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Rajoy further recentralises powers: Catalan Government to need permission to back companies

In times of economic crisis, the Mariano Rajoy-led Spanish Government has been making recentralisation a main driver of its political agenda, using the economic recovery as the reason for passing the reforms. An additional step in this direction was taken on Monday with a new regulation forcing Spanish Autonomous Communities to seek permission from the Spanish Ministry of Finance before granting loans and guarantees to private companies located in their territories. From now on, Madrid's permission will be conditional upon the applicant's compliance with deficit targets. The new regulation substantially curbs the Autonomies' powers to shape their industrial policies, following a reform passed in May that modifies both the Organic Law for Financing the Autonomous Communities and the Organic Law on Budgetary Stability and Financial Sustainability.

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08 June 2015 09:54 PM

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ACN

Barcelona (ACN).- In times of economic crisis, the Mariano Rajoy-led Spanish Government has been making recentralisation a main driver of its political agenda, using the economic recovery as the reason for passing the reforms. An additional step in this direction was taken on Monday with a new regulation forcing Spanish Autonomous Communities to seek permission from the Spanish Ministry of Finance before granting loans and guarantees to private companies located in their territories. From now on, Madrid's permission will be conditional upon the applicant's compliance with deficit targets. The new regulation substantially curbs the Autonomies' powers to shape their industrial policies, following a reform passed in May that modifies both the Organic Law for Financing the Autonomous Communities and the Organic Law on Budgetary Stability and Financial Sustainability. The Spanish Government justified this reform by emphasising the need to facilitate the financing of the welfare state, in order to ensure continuity of essential public services.


As noted by the Spanish business newspaper 'Expansión', with the introduction of the new legislation all financial operations carried out by the Spanish Autonomous Communities will be subject to the criterion of "financial prudence", having to meet reasonable terms of cost and risk.

This will be applied to operations such as granting public guarantees, contingent liabilities and other measures of extra-budgetary support, "to impede introducing financial uncertainty" and "causing serious unforeseen fiscal imbalances", according to the Spanish Parliament's press release justifying the new law.

On Monday, Spain's Finance Ministry confirmed that with the introduction of the new legislation the Spanish Autonomous Communities will be forced to ask permission from the Spanish Ministry of Finance before giving public guarantees to companies within their territory.

Communities' previous policies inspired by "political opportunism", Madrid says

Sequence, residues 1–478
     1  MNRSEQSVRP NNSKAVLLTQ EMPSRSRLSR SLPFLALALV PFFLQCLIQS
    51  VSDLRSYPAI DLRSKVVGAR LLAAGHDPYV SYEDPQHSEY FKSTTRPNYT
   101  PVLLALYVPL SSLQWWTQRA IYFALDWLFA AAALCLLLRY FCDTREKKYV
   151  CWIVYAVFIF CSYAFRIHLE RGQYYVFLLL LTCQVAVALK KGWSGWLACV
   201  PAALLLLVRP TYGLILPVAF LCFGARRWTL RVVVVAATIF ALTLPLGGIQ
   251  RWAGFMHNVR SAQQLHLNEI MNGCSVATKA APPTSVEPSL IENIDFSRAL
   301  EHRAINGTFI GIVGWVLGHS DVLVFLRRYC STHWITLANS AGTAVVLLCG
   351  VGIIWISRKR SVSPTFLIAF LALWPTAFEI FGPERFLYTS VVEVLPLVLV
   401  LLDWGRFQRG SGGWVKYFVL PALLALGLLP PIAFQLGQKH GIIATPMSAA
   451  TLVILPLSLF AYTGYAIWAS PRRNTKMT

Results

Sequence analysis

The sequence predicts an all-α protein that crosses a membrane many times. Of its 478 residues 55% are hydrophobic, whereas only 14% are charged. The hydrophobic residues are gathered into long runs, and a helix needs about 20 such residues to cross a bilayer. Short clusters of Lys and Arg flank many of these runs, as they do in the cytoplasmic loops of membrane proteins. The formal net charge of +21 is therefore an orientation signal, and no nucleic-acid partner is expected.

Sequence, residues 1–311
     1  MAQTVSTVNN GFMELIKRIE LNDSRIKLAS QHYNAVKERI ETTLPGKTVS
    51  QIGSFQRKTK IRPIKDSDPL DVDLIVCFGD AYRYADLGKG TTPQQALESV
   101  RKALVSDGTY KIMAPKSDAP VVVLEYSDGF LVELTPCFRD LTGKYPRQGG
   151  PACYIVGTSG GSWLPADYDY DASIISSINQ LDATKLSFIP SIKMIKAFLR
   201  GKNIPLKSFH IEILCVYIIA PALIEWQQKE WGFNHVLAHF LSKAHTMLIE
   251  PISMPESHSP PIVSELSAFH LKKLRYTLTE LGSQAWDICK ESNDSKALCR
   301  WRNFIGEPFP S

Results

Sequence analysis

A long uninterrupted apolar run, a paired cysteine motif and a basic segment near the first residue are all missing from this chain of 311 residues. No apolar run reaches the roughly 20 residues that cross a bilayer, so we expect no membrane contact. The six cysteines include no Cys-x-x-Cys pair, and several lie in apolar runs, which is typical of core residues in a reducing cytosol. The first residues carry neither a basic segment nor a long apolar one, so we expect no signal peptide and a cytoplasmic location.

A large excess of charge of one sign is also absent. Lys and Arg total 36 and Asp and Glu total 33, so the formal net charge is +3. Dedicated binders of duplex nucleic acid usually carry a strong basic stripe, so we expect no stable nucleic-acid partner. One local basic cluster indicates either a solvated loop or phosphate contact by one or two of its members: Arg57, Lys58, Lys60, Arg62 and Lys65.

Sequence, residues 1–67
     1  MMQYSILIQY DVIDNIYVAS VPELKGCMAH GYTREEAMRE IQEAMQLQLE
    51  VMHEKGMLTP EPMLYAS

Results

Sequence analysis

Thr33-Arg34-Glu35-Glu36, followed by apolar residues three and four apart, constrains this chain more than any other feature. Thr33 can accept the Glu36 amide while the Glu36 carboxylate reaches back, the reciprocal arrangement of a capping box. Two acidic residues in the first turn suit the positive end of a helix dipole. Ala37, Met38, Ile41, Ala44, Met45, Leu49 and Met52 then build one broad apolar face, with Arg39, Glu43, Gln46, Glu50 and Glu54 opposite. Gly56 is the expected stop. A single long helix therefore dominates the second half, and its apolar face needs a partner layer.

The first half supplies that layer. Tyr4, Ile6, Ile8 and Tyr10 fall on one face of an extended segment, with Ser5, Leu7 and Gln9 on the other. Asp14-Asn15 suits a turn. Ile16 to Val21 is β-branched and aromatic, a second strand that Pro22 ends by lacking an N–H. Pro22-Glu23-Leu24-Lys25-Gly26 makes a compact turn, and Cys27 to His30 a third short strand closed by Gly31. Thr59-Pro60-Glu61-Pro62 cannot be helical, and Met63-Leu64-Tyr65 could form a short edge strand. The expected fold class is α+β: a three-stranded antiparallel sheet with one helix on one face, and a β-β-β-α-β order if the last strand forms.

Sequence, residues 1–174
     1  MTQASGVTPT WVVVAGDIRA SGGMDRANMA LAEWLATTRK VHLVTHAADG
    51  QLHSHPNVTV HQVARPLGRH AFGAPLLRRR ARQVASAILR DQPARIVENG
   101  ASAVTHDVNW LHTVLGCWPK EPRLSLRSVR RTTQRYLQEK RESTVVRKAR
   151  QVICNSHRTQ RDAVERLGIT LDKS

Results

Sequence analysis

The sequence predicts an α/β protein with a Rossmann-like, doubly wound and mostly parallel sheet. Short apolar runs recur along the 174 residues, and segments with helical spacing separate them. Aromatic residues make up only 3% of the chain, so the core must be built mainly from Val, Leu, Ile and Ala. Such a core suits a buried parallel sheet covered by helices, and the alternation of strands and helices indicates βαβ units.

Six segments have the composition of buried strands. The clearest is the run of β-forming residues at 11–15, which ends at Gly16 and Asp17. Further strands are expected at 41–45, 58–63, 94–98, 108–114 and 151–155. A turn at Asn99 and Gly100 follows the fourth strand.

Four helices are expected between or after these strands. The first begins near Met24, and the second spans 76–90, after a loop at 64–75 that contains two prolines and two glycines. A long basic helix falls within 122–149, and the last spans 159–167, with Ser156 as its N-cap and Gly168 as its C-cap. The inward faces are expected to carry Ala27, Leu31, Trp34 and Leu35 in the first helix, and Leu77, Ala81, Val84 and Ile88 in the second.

According to the Spanish Government, the Autonomous Communities' previous policies with regard to granting loans and public guarantees to local companies "put their solvency at risk", and were often inspired by criteria of "political opportunism" or to help these companies avoid bankruptcy.

In the case of the Catalan Government, these public guarantees amounted to €2.7 billion, provided through public entities such as Avançsa (a public body for industrial promotion), which – for example – injected money into the airline Spanair before its bankruptcy.

Spanish newspaper 'Expansión' also recalls two other cases: the public guarantees granted by the Valencian Government to Valencia Football Club and those by Murcia's Government to an airport whose construction has been ongoing for two years but which has not yet been finished.

The newspaper also highlights that these three territories have constantly surpassed the budgetary limits set by the Ministry of Finance, and that 10 other Autonomous Communities have violated deficit limits. However, the article does not talk about the cases where companies went bankrupt after having been backed by the Spanish Government with guarantees and liabilities.

Madrid's centralised control over the Autonomous Communities' fiscal and industrial policies will be conditional upon their reception of liquidity measures such as the Liquidity Fund for the Autonomous Communities (FLA), a mechanism of loans for regional governments run by the Spanish Finance Ministry. Public guarantees for private companies shall not be provided by the Autonomous Communities if deficit limits, which are unilaterally imposed by Madrid, have been infringed. Instead of reforming the funding scheme of the Autonomous Community governments, which was designed before the 2008 financial crisis and expired in January 2014, the Spanish Government created this system of loans, which have to be returned and therefore increase regional debt.

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  • The Spanish Finance Minister, Cristóbal Montoro, in a press conference helf after meeting with the Autonomous Communities in 2014 (by ACN)

  • The Spanish Finance Minister, Cristóbal Montoro, in a press conference helf after meeting with the Autonomous Communities in 2014 (by ACN)